Authenticity and Access: Cultural Intermediation in Pop Culture Podcasts

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dc.contributor.advisor Goode, L en
dc.contributor.author Manickam, Jovita en
dc.date.accessioned 2020-06-10T19:31:23Z en
dc.date.issued 2020 en
dc.identifier.uri http://hdl.handle.net/2292/51424 en
dc.description Full Text is available to authenticated members of The University of Auckland only. en
dc.description.abstract Cultural intermediation is an essential, but under-studied phenomenon which was first examined and outlined by French sociologist, Pierre Bourdieu. Bourdieu (1984) argued that cultural intermediation involved the “gentle manipulation” (p. 365) of consumers’ tastes for the purpose of reproducing social stratification. In recent years, however, scholars have posited that cultural intermediation varies according to medium and context, and that there is a greater need to examine the practice in different media (Maguire Smith and Matthews 2010, p. 415). As the podcast is a medium about which there have been similar calls for further study (Berry 2015; Spinelli & Dann 2019), this research sought to understand the nature of cultural intermediation as it is carried out in pop culture podcasts. On the basis of the literature, two research questions were asked. Firstly, what is the nature of cultural intermediation in podcasting? Secondly, how is cultural value constructed by cultural intermediaries in podcasting? The study then employed textual analysis to examine select episodes of three podcasts: Pop Culture Happy Hour (NPR), Still Processing (New York Times) and Culture Gabfest (Slate). Through a careful examination of the latent themes and messages in these episodes, the research found that cultural intermediation is marked by a blurring of hosts’ professional and personal lives and a devotion to high, low and middle-brow culture. The findings here make a contribution to the academic literature on both podcasting and cultural intermediation, shedding light on how both practices are carried out in our current cultural moment. en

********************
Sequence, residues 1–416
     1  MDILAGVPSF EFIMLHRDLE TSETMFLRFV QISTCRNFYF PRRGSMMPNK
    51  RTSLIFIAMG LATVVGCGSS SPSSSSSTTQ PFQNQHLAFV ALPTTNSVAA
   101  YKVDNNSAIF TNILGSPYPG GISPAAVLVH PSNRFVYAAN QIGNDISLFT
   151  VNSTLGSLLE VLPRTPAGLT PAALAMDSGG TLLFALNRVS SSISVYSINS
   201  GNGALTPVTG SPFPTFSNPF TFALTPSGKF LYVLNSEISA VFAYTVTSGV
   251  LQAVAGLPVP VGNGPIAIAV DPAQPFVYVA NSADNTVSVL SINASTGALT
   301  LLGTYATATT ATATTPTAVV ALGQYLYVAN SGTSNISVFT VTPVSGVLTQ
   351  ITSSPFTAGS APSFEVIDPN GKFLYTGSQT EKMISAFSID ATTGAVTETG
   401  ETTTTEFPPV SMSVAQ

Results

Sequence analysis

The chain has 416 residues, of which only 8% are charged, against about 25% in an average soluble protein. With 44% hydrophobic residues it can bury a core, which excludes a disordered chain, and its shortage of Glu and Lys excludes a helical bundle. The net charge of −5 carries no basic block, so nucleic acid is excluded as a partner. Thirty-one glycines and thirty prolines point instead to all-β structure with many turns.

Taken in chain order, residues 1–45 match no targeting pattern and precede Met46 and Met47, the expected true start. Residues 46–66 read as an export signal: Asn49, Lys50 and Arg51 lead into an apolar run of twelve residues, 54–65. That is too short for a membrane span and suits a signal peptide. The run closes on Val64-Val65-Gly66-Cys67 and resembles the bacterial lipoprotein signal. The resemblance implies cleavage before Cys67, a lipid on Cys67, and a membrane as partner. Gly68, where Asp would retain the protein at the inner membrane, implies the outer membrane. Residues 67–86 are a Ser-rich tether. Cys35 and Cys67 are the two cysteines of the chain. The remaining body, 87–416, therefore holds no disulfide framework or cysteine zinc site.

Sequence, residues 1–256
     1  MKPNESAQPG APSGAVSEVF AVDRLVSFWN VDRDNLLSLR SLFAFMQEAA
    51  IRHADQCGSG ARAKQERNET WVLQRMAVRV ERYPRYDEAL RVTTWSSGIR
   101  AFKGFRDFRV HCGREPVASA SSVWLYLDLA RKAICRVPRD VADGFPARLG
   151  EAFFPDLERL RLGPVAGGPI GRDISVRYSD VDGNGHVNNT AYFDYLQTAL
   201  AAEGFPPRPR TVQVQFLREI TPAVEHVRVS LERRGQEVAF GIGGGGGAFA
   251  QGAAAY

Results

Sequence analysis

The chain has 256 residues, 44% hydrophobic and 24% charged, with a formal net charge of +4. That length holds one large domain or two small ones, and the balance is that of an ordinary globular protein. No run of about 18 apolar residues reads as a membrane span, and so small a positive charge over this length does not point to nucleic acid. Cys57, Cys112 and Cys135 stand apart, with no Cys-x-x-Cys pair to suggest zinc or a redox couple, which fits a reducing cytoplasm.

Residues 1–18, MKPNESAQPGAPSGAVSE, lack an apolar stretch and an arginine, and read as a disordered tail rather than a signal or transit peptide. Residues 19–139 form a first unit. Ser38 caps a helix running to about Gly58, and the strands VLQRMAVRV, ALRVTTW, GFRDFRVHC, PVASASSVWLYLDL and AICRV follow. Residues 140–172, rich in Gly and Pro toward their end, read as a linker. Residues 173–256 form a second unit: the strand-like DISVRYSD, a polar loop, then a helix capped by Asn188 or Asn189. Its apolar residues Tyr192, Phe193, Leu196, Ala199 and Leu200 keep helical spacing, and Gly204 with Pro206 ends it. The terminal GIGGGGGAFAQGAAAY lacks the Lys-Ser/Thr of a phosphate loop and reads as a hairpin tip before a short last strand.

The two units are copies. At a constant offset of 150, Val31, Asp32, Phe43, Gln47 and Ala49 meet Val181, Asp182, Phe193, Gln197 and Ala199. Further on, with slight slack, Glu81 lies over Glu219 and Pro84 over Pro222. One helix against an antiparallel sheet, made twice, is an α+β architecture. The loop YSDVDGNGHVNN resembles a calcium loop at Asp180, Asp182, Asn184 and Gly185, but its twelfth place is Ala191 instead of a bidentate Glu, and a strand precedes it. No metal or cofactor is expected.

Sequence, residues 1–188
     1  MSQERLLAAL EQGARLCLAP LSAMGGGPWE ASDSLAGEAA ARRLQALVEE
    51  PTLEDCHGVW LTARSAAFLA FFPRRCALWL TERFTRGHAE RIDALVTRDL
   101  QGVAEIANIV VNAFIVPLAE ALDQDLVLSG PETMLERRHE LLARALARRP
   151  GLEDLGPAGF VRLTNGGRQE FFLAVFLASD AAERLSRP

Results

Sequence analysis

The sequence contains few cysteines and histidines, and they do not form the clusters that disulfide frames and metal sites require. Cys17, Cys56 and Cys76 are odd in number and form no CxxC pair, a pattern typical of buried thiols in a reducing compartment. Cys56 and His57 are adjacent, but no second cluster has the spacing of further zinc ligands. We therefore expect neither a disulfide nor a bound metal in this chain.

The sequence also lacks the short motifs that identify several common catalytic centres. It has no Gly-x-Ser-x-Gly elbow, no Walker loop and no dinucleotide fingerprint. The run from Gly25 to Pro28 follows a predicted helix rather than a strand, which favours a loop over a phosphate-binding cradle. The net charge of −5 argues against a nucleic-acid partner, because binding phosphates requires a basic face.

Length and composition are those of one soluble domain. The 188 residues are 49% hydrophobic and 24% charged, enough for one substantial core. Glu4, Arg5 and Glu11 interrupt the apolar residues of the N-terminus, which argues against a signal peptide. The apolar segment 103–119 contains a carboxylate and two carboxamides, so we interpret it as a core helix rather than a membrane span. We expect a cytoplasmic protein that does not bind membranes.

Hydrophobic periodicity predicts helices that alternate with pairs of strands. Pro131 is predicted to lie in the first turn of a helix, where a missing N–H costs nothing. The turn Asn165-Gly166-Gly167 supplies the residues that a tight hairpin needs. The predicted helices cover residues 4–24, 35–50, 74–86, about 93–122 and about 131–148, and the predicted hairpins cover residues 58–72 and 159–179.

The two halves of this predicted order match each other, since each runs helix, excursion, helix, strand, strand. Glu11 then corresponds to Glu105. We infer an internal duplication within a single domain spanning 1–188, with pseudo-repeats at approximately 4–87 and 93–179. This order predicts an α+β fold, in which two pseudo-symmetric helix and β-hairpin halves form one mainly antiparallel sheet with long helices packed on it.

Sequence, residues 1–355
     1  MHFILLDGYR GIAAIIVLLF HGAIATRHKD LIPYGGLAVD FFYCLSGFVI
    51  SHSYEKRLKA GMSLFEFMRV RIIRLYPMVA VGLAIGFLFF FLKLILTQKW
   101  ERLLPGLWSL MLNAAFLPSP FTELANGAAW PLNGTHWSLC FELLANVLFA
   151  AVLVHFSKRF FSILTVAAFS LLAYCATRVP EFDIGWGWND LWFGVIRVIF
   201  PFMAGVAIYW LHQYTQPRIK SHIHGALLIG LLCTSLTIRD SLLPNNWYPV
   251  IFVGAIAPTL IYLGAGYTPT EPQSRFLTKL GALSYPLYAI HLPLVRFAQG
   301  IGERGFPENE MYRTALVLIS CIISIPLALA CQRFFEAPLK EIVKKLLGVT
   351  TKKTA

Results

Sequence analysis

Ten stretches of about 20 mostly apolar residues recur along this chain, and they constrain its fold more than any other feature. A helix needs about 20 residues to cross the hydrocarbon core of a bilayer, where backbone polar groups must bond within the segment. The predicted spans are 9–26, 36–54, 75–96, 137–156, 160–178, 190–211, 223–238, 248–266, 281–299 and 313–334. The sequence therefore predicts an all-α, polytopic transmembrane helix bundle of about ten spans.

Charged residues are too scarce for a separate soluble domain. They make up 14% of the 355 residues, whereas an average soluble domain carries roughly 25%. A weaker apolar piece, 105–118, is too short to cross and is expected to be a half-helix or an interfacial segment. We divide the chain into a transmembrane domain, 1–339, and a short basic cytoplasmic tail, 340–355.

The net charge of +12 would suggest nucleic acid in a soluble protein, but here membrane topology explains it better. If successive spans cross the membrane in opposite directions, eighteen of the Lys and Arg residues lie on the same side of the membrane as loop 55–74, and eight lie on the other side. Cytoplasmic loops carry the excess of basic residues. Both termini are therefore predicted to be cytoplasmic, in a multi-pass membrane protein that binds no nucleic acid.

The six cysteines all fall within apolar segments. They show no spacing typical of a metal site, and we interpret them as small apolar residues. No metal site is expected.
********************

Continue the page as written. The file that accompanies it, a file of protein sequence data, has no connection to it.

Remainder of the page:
dc.publisher ResearchSpace@Auckland en
dc.relation.ispartof Masters Thesis - University of Auckland en
dc.relation.isreferencedby UoA99265288613502091 en
dc.rights Items in ResearchSpace are protected by copyright, with all rights reserved, unless otherwise indicated. Previously published items are made available in accordance with the copyright policy of the publisher. en
dc.rights Restricted Item. Full Text is available to authenticated members of The University of Auckland only. en
dc.rights.uri https://researchspace.auckland.ac.nz/docs/uoa-docs/rights.htm en
dc.rights.uri http://creativecommons.org/licenses/by-nc-sa/3.0/nz/ en
dc.title Authenticity and Access: Cultural Intermediation in Pop Culture Podcasts en
dc.type Thesis en
thesis.degree.discipline Media, Film and Television en
thesis.degree.grantor The University of Auckland en
thesis.degree.level Masters en
dc.rights.holder Copyright: The author en
pubs.elements-id 803794 en
pubs.record-created-at-source-date 2020-06-11 en


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